The disinformation spreaders have their carving knives out, sharpened up to shred apart the legitimate connection between meat and climate change. From downplaying the connection through industry-funded academic research to outright scare tactics, the denial efforts are intense and widespread.
The latest tall tale is that the president’s climate requirements will involve cutting 90% of red meat from Americans’ diets, limiting them to one burger per month. A complete fantasy, of course, but one with sufficient juicy sensationalism to spread like wildfire, even finding its way into the outraged tweets of our elected representatives.
So what’s the beef? Does meat production have a significant climate impact or is this just a trumped-up exaggeration?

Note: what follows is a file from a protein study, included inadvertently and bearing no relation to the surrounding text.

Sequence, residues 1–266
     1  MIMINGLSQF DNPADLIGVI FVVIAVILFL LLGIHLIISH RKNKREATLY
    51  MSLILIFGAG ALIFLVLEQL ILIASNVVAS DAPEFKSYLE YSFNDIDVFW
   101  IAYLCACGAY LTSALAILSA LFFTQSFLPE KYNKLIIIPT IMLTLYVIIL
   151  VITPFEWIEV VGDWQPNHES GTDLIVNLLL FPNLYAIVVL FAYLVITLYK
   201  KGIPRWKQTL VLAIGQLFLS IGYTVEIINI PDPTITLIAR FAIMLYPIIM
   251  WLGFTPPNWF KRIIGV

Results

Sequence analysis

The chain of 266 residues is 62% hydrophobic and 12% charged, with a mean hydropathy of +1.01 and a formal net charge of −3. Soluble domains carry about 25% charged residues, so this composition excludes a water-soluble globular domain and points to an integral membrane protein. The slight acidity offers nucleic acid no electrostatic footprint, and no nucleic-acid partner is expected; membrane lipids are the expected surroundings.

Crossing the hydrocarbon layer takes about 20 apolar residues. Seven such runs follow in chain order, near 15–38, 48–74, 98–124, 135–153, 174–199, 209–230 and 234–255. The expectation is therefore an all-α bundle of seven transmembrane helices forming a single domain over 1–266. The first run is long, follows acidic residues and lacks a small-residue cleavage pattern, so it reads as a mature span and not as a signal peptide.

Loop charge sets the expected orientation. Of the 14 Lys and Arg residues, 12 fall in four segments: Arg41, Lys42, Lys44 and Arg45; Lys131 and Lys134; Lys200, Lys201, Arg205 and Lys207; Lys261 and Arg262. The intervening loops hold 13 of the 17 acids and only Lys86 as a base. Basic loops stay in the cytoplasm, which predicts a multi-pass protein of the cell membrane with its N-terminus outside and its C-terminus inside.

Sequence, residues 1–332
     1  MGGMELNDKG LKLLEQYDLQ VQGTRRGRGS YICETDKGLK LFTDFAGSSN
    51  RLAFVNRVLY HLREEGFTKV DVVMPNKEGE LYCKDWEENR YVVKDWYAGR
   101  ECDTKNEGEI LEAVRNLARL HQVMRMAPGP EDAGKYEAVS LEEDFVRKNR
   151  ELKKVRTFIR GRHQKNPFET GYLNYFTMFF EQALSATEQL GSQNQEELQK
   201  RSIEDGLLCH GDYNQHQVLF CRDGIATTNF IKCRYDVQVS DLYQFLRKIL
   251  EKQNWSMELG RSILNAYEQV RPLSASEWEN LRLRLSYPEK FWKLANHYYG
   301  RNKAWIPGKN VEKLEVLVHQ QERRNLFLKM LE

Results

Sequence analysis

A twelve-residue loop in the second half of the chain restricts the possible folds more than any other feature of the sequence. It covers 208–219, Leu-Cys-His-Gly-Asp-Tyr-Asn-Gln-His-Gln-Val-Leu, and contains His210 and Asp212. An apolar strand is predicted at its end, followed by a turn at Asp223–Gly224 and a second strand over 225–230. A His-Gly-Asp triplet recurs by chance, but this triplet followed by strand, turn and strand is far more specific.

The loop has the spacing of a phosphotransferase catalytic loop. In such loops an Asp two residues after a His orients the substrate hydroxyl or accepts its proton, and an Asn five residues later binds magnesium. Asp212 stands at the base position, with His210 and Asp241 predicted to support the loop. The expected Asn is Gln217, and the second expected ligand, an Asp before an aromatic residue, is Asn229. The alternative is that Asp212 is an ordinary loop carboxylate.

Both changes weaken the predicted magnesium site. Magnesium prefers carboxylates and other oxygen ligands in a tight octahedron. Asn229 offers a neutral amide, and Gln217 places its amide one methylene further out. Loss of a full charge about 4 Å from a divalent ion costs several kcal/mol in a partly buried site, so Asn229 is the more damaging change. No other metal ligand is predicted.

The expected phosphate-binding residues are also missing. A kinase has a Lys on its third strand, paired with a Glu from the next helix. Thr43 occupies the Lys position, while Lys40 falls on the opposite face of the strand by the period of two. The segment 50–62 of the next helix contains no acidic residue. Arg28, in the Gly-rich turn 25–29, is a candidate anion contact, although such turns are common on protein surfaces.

The Connection Between Meat and Climate Change
The facts are clear: Meat, red meat, in particular, is a chief contributor to climate change.
Global emissions from livestock represent 14.5% of total greenhouse gas emissions. Red meat isn’t the sole climate-culprit, but cattle represent a significant portion – about 62% – of the livestock sector’s emissions, and emissions intensity (emissions per unit of product) is the highest for beef.
The reason that animal-based products pack the biggest emissions punch is that their production processes are incredibly resource-intensive, requiring land and the exploitation of natural resources. Beef production is the worst offender, gobbling up most of those precious resources: Per calorie, beef depends on more land and emissions in its production than most other foods.
Steven Chu, former Energy Secretary and Nobel Prize-winning physicist, contends that “agriculture and land-use generate more greenhouse gas emissions than power generation,” adding that “If cattle and dairy cows were a country, they would have more greenhouse gas emissions than the entire [European Union].”
Who’s Driving the Wedge Between Meat and Climate Change?
So if the facts demonstrate a clear link between meat and climate change, why is there even a debate about the connection? Who’s behind the fear-mongering and the disinformation?